Detachment ALFA was finally activated on 24 February.  The last LC-130 Hercules to leave for Christchurch made a low pass over Williams Field and then dipped down over McMurdo in a salute to those who faced the coming winter. Detachment ALFA had the conn. It was the beginning of seven and one-half months of isolation. As the LC-130 flew out of sight, our last physical link with the outside world was broken. We could almost feel the stillness pressing down on us. It was as if we were at the end of the world—and we were!

Our first task was to close up all buildings and secure the power at Williams Field. Some of the equipment, such as mobile generators, was hauled into McMurdo on sleds for overhaul and repair during the winter months. It took a week-and-a-half to close the Field. Meanwhile, a crisis was developing at Plateau Station.  Just a few hours after the last plane had left McMurdo, Jerry Johnson reported Plateau’s number one generator in a down status. Six days later he reported problems with number two generator. The first report was disturbing, the second downright alarming. Plateau Station had only three generators and number three, which was provided for emergency use and was located in the emergency quarters about 1,000 feet behind the main building, eventually had to be moved to the main building as a substitute generator. Manhauling this equipment in the low temperatures and thin air of Plateau Station was quite an ordeal.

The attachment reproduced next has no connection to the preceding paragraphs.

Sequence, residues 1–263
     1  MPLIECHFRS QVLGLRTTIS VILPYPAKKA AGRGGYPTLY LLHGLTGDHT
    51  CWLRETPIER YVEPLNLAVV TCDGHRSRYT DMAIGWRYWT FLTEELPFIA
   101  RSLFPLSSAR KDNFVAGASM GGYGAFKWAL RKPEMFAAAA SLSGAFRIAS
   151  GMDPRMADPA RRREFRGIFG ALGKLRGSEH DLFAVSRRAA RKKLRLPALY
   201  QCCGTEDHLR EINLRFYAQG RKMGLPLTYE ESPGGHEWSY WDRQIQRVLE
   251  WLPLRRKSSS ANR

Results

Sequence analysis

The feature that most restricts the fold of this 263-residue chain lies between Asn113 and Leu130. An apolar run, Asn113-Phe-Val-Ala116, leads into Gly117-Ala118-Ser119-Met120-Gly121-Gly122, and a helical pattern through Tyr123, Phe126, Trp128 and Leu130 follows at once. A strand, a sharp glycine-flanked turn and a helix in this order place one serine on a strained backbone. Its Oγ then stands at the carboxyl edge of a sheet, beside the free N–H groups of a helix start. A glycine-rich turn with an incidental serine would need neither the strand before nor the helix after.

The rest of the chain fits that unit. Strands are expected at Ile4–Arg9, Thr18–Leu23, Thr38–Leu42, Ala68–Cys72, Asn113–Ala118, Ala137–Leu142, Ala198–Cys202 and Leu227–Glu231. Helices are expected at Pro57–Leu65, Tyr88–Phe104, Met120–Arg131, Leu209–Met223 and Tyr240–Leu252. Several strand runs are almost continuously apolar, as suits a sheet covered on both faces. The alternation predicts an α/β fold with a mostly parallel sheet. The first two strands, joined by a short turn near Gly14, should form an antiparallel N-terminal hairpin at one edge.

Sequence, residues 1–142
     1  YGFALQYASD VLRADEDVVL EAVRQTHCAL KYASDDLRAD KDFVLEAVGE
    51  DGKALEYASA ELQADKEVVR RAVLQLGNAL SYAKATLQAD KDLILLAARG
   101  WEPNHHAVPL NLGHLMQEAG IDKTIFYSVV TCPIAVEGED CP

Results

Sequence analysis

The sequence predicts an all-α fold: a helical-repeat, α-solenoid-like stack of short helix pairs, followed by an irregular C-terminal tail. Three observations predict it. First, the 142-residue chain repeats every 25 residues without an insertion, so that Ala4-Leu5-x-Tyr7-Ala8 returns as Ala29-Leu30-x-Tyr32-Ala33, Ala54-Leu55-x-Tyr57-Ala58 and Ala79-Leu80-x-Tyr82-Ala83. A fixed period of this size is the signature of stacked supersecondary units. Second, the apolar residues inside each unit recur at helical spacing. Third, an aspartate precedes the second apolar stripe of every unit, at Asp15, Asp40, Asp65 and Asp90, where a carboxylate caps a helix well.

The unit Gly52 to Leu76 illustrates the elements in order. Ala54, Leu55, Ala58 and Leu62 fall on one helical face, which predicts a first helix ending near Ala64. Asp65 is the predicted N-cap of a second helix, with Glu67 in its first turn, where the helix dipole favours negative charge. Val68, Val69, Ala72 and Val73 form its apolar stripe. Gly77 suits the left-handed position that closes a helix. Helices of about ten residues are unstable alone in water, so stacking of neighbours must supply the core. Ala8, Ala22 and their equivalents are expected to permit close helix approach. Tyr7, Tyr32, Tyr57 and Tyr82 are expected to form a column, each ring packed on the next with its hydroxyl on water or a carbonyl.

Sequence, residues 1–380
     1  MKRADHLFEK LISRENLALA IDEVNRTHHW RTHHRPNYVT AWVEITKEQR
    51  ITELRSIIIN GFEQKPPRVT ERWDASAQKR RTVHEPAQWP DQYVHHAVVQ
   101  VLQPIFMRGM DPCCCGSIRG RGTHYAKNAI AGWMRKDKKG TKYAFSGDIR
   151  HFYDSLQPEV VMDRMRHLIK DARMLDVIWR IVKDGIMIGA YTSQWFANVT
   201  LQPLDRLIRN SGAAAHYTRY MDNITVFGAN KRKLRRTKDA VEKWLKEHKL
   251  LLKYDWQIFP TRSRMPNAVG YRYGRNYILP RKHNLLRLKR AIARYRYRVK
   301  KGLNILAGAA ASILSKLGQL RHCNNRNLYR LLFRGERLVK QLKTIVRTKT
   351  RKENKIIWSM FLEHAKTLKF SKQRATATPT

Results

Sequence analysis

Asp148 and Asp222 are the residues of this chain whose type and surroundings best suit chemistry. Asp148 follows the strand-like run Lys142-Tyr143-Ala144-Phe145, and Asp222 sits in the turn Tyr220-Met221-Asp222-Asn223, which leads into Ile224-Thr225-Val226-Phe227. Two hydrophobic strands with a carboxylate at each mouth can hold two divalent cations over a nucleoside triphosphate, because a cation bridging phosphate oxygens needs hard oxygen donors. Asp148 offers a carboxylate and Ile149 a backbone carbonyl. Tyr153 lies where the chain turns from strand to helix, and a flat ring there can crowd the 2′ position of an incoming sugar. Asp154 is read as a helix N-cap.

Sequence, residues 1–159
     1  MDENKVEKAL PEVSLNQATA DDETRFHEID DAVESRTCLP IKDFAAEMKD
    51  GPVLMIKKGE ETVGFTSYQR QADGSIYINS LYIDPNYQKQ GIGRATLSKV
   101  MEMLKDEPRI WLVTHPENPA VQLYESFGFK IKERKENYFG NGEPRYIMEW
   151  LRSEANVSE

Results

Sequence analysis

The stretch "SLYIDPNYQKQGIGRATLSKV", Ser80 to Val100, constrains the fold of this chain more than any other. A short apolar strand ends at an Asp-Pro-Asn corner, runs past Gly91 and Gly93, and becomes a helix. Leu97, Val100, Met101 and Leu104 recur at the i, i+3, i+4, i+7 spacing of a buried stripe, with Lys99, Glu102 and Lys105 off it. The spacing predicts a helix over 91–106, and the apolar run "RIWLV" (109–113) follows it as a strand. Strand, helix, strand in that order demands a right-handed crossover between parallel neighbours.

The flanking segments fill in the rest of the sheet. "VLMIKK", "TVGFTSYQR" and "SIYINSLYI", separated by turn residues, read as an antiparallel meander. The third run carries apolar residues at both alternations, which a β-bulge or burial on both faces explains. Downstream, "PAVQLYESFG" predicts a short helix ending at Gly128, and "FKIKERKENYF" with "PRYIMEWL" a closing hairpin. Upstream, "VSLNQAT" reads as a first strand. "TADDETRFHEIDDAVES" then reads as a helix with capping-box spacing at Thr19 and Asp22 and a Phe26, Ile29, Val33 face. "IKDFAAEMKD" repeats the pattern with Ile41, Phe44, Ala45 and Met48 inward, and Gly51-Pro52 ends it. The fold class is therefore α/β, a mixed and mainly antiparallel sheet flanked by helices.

At one point all three generators were in a down status at the same time and an emergency evacuation was considered. The critical temperature for flight operations is minus 65° Fahrenheit—when the hydraulic seals in the aircraft begin to break down. This means that, after the landing skis are lowered, it would probably be impossible to bring them up again. Additionally, the next landing would be without oleos (hydraulic shock absorbers). Plateau’s temperatures were rapidly approaching this cut-off point.